I don't want them to be very hard because later I'm planning to apply a mesh smooth, so if these edges are very close to these edges, then the smoothness won't make the edges very smooth or rounded. Let me just show you. If I hit OK, and go back to perspective viewport, and let me just check, this is fine, now I'm going to select these edges, right click, and hit connect, and this time increasing the pinch amount to maybe 95, hit OK, then I will go to left viewport and select these edges here, go back to perspective viewport and just checking that the correct edges are selected, I'm going to right click and hit connect, and it is very close to these edges, so I will bring that down and hit OK, and then I'll turn the edge mode off, and now I'm going to throw a mesh smooth modifier over it, and now I see that I have added smoothness to it.
Now I already have unwrapped it, so if I throw unwrap modifier again here, and open my UV editor, you should notice that my UVs remain the same, all I need to do is select them, go to polygon mode, select everything, and go to tools, hit relax and make it relax by polygon angles, increase the amount to one and start relax, notice that it has shown some movement, it's kind of relaxed, and now I will apply and close this down.
So the texture won't have any stretching now. Now in the next video, I'm going to add some a bit of a detail to this plank and make more copies of it from details, I mean that these planks have some cracks and a bit of wear and tear. Now since, like I said, I'm not going to take it to Zbrush, so these cracks over these areas, or the broken effect, I'm going to do that here in 3ds Max, and that too in the next video.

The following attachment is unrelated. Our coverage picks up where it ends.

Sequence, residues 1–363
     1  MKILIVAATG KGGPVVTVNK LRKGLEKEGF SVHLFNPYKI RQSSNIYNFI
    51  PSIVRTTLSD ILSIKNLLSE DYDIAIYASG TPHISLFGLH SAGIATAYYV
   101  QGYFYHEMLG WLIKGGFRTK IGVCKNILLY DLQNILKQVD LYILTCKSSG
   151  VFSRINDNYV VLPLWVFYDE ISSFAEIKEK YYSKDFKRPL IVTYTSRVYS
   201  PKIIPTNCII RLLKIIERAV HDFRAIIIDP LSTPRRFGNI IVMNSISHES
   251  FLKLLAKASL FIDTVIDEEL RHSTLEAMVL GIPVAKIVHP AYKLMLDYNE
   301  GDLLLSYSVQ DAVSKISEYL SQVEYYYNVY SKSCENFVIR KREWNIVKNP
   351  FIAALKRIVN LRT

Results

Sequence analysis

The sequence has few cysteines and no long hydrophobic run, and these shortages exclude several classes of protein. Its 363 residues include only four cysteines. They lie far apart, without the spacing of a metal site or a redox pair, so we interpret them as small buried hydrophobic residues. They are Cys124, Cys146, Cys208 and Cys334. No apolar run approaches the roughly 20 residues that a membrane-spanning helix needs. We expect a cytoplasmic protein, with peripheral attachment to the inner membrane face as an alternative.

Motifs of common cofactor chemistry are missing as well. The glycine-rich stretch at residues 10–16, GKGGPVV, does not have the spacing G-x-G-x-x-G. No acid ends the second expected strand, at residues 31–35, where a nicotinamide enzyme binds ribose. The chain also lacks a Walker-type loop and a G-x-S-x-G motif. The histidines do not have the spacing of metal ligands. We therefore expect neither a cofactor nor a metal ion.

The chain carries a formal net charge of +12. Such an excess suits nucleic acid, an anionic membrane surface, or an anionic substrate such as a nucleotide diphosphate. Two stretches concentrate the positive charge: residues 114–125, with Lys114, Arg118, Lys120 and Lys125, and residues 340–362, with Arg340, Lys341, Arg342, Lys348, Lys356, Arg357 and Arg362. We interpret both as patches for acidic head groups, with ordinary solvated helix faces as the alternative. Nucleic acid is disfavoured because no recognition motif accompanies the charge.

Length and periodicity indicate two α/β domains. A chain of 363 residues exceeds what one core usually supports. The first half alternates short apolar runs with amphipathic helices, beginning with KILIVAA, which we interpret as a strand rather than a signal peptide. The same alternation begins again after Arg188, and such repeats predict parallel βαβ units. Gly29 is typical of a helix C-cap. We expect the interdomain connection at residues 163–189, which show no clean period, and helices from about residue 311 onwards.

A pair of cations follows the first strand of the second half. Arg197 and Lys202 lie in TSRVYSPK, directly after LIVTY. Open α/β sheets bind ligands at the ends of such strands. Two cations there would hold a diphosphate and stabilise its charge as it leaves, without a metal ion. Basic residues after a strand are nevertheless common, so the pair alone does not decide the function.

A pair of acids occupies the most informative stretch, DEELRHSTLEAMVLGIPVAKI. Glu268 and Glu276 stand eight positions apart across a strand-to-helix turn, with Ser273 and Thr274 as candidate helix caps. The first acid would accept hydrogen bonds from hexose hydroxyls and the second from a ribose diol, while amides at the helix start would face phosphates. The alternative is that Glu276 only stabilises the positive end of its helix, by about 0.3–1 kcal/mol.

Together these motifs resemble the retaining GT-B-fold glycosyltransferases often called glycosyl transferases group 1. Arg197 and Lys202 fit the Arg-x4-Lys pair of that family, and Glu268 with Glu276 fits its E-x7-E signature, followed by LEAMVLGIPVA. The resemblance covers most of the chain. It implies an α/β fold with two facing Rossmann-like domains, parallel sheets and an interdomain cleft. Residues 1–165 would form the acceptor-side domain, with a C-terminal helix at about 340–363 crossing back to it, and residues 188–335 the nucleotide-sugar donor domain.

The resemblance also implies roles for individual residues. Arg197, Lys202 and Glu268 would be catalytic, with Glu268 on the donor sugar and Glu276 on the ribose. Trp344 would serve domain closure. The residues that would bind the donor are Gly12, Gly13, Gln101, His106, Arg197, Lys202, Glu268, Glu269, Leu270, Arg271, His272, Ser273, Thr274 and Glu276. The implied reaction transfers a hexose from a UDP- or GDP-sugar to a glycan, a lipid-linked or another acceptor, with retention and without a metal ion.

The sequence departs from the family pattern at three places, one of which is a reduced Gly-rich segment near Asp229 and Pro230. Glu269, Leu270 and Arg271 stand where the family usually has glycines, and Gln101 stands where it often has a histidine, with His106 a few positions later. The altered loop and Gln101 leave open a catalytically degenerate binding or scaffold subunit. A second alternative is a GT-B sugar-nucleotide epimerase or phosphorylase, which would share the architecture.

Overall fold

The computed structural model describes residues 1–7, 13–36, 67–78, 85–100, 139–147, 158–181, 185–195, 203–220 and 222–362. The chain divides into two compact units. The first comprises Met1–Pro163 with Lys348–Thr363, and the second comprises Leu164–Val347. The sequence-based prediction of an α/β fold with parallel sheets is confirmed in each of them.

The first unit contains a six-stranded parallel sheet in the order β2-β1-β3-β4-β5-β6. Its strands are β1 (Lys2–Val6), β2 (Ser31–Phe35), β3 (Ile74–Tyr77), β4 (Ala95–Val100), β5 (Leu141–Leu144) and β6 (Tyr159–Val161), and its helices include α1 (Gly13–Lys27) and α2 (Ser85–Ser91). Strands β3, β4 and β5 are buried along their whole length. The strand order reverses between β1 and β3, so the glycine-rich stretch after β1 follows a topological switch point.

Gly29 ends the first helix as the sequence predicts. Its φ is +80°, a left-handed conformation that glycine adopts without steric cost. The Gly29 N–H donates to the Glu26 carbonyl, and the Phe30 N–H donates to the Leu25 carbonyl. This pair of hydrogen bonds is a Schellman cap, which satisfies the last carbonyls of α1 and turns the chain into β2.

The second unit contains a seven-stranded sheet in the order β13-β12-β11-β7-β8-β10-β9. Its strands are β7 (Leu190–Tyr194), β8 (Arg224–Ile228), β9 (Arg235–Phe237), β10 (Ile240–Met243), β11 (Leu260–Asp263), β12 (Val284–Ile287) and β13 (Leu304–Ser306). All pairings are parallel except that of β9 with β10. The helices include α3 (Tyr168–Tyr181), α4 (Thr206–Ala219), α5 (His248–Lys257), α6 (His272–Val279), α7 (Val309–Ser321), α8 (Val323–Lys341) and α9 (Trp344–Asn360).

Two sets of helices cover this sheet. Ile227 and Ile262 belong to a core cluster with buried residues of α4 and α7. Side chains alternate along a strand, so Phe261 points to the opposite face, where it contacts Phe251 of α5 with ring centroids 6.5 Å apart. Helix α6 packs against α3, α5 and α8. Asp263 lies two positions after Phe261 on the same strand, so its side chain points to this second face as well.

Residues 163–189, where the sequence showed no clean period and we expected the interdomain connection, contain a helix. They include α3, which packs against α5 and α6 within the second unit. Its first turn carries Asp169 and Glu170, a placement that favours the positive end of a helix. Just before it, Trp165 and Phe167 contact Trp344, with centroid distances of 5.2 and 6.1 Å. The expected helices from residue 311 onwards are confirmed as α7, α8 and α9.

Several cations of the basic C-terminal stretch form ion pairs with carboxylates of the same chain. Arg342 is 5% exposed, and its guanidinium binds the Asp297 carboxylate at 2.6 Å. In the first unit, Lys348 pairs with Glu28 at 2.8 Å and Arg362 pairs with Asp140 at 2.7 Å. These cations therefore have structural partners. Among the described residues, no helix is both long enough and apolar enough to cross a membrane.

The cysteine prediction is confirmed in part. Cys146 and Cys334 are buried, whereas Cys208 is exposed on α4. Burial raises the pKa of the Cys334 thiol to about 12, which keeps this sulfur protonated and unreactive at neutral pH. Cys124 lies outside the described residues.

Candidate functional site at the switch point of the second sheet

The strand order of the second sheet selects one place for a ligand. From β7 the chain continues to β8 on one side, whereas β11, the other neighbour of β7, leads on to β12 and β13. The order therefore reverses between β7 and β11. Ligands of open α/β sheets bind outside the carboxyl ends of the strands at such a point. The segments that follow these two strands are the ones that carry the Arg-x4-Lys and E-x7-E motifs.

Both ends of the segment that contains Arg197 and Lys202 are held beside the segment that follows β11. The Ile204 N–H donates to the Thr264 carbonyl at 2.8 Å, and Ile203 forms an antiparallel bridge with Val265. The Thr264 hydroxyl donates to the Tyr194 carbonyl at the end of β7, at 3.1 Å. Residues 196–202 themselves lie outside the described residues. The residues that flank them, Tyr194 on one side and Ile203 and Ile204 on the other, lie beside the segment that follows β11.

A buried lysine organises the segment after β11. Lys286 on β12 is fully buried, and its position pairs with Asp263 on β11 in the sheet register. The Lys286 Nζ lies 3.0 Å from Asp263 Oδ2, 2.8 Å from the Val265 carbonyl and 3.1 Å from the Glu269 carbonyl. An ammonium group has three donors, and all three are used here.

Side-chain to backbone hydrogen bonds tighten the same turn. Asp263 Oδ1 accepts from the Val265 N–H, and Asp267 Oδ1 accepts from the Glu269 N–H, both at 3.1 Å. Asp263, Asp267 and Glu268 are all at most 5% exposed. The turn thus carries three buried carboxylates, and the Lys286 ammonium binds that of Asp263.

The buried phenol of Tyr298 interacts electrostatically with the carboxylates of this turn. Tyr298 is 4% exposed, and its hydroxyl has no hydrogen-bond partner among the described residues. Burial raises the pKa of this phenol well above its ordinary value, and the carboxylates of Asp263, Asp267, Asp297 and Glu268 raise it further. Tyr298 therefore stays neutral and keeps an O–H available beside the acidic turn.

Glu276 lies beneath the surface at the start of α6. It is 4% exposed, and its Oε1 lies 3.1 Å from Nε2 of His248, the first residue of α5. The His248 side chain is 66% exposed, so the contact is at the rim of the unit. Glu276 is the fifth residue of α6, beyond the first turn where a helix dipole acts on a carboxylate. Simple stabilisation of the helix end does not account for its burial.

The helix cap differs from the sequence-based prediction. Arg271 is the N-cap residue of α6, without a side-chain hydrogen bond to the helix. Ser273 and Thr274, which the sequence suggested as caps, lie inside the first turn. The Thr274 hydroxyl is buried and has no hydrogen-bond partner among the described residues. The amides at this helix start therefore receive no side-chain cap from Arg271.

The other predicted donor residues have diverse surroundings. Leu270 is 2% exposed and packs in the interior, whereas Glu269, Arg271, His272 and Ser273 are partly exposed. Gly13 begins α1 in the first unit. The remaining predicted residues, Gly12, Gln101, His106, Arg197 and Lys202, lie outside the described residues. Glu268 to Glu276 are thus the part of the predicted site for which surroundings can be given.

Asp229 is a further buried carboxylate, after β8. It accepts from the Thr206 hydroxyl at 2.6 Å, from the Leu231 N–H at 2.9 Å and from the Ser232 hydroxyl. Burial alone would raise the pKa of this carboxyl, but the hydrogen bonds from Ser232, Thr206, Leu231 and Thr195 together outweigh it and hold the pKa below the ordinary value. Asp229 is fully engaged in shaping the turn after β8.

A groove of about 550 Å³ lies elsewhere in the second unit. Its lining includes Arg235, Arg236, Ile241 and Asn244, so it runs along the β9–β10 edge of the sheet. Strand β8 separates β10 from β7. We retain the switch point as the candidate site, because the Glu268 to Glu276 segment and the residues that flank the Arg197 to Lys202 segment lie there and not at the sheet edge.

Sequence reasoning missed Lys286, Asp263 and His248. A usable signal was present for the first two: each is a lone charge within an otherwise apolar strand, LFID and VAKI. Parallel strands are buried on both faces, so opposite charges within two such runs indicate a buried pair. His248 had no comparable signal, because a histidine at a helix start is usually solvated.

First, Zaheer explores artistic ways to block out the basic forms of your structure, such as using exaggerated proportions and irregular, tilted shapes. Next, he shows how to add details to the forms. Then he demonstrates how to add the more stylized elements including textures, imported materials, color refinements, and lighting. He wraps up the course by wrapping up the workflow, making final render passes and preparing the scene for export. Along the way, he covers art creation, modeling, compositing, and more.
- Exploring the elements of stylization
- Analyzing a reference image
- Blocking out basic shapes
- Reshaping forms
- Creating details
- Creating stylized elements
- Creating materials in 3ds Max
- Color correcting materials
- Preparing materials for export
- Importing elements into a scene
- Adding lights to a scene
- Setting up V-Ray Renderer
- Fixing issues with renders and lights
- Compositing render passes in Photoshop